18. JMSmith,

    That's well put. I'd underline your number 2 point. I wish I'd understood that at the start of my marriage. I did learn through experience and started to handle such situations better. And they don't seem to happen anymore.

    ReplyDelete
  19. Mark,

    I am fond of Mary Wollstonecraft, but no, I definitely believe that our emotional responses (whether we are male or female) are often legitimate and should be honored. So no, I don't believe that cold rationality is the only valid approach to life. What I disagree with is the notion that women are generally more helpless and irrational than men in the face of strong emotion.

    Whenever I have an emotional response to something, I step back before acting on it and ask myself: why do I feel this way? Is this feeling legitimate? If I act on it, what will be the result? Is acting on my feeling fair to others?

    I favor applying a sensible mix of emotion and rationality to life's problems. Finding the right balance takes experience and wisdom. It may also depend on the situation. Feelings and emotional response may be very important in choosing a life partner, not important at all when working on a math problem.

    ReplyDelete
  20. "But seriously Mark, what you're describing is not a feminist tendency or a female tendency. It's what happens when you argue with people on the Internet. "

    somebody should have told Larry Summers to lay off Nancy Hopkins's internet then. If you are seriously going to argue that feminist/female histrionics are a bug, not a feature then you are lying outright.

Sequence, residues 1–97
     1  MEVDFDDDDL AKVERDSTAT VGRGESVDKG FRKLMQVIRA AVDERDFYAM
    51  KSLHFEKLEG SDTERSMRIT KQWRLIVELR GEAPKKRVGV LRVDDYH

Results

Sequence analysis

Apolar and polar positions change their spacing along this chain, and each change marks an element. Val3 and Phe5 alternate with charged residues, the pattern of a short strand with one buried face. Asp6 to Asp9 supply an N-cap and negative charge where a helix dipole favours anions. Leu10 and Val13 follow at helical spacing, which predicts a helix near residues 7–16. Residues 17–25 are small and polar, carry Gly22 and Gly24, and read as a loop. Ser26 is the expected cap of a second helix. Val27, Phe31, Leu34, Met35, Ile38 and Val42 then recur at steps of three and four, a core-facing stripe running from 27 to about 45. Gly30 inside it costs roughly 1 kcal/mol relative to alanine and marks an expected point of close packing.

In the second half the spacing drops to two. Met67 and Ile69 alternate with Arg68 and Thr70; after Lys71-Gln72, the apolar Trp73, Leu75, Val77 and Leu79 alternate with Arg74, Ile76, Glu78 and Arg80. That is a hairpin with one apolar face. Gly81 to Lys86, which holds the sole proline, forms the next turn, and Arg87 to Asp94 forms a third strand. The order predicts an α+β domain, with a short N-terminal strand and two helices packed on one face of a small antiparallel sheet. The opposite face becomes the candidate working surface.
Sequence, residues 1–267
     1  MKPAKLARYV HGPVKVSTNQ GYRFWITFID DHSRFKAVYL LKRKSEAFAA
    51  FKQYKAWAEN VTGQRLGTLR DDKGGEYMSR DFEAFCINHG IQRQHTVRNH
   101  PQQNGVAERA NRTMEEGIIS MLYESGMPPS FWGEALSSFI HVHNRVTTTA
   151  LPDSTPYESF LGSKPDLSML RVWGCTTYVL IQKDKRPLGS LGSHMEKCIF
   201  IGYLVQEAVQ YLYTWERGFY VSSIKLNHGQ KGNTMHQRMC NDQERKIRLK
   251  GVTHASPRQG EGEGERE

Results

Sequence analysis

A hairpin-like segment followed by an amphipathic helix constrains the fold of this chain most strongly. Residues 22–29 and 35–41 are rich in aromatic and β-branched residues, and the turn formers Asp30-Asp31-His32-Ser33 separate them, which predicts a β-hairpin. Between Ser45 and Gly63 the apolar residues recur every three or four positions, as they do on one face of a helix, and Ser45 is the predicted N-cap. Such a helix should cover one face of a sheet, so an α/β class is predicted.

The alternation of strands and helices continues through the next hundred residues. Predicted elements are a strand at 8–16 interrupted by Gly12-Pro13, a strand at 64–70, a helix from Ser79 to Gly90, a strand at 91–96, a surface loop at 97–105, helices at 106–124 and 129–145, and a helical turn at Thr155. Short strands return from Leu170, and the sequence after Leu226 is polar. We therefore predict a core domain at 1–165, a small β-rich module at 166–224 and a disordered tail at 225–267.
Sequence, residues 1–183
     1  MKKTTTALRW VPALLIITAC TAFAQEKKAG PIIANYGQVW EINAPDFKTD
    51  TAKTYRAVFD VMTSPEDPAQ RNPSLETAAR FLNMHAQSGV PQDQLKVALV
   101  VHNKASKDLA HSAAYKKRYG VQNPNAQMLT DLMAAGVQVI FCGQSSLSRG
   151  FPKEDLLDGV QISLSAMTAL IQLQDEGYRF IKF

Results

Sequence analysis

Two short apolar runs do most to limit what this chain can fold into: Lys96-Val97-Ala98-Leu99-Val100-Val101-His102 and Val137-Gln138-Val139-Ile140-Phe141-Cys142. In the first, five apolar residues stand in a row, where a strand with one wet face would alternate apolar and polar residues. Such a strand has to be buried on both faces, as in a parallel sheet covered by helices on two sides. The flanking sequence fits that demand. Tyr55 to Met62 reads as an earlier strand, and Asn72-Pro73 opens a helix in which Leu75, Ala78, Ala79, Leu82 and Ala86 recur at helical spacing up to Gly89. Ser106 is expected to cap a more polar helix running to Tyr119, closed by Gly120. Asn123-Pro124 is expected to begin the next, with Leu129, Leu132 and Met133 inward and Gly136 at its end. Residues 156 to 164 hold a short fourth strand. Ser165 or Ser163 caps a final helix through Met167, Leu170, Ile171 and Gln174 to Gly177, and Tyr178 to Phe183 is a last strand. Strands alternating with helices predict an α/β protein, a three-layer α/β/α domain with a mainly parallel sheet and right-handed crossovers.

"But please don't tell me that men have a monopoly on calm rationality. "

    And somebody should tell you what essence means.

    ReplyDelete
  21. I think the Nancy Hopkins example proves my point. She is one person but when she shows emotion about an important issue, she is portrayed as a representative of female irrationalism. But if a man gets angry or huffs off (and I see this happen every day), no one interprets it as particularly representative of male behavior in general, nor does anyone assume that men are irrational.

    The fact is that Nancy Hopkins WAS angry at Larry Summers's speech. And she was quite capable of explaining lucidly why his speech was both incorrect and inappropriate in that context. Her anger was neither irrational nor inappropriate, nor did it appear to make her unable to engage rationally and lucidly with the subject matter at issue -- except for the fact that an anti-feminist and soundbite happy media preferred to focus on her emotional state rather than her critique of Summers.

    ReplyDelete
  22. Georgina wrote,

    "...when she shows emotion about an important issue, she is portrayed as a representative of female irrationalism. But if a man gets angry or huffs off..."

    Hold it right there. See, these are the kinds of statements, I'm guessing, that make people like Elizabeth Smith not want to talk with you. They are dishonest, and dishonesty in debate is like cheating in a ballgame. Nobody likes a cheater, Georgina.

    Nancy Hopkins' showed emotion by proclaiming loudly that she "felt physically ill" as a result of Mr. Summers' speech. This you equate to a man's getting angry, and claim you just can't tell the two apart.

    You're smarter than that. A.) Men don't "feel ill" after hearing something they think is wrong; indeed, it's significant that no man in the audience behaved as Hopkins did. B.) Even if they do lose their temper, they put on displays of strength, not weakness. If men really get as upset as Hopkins (and, again, no man did), he might punch you in the face. He isn't going to get queasy and crawl into a corner.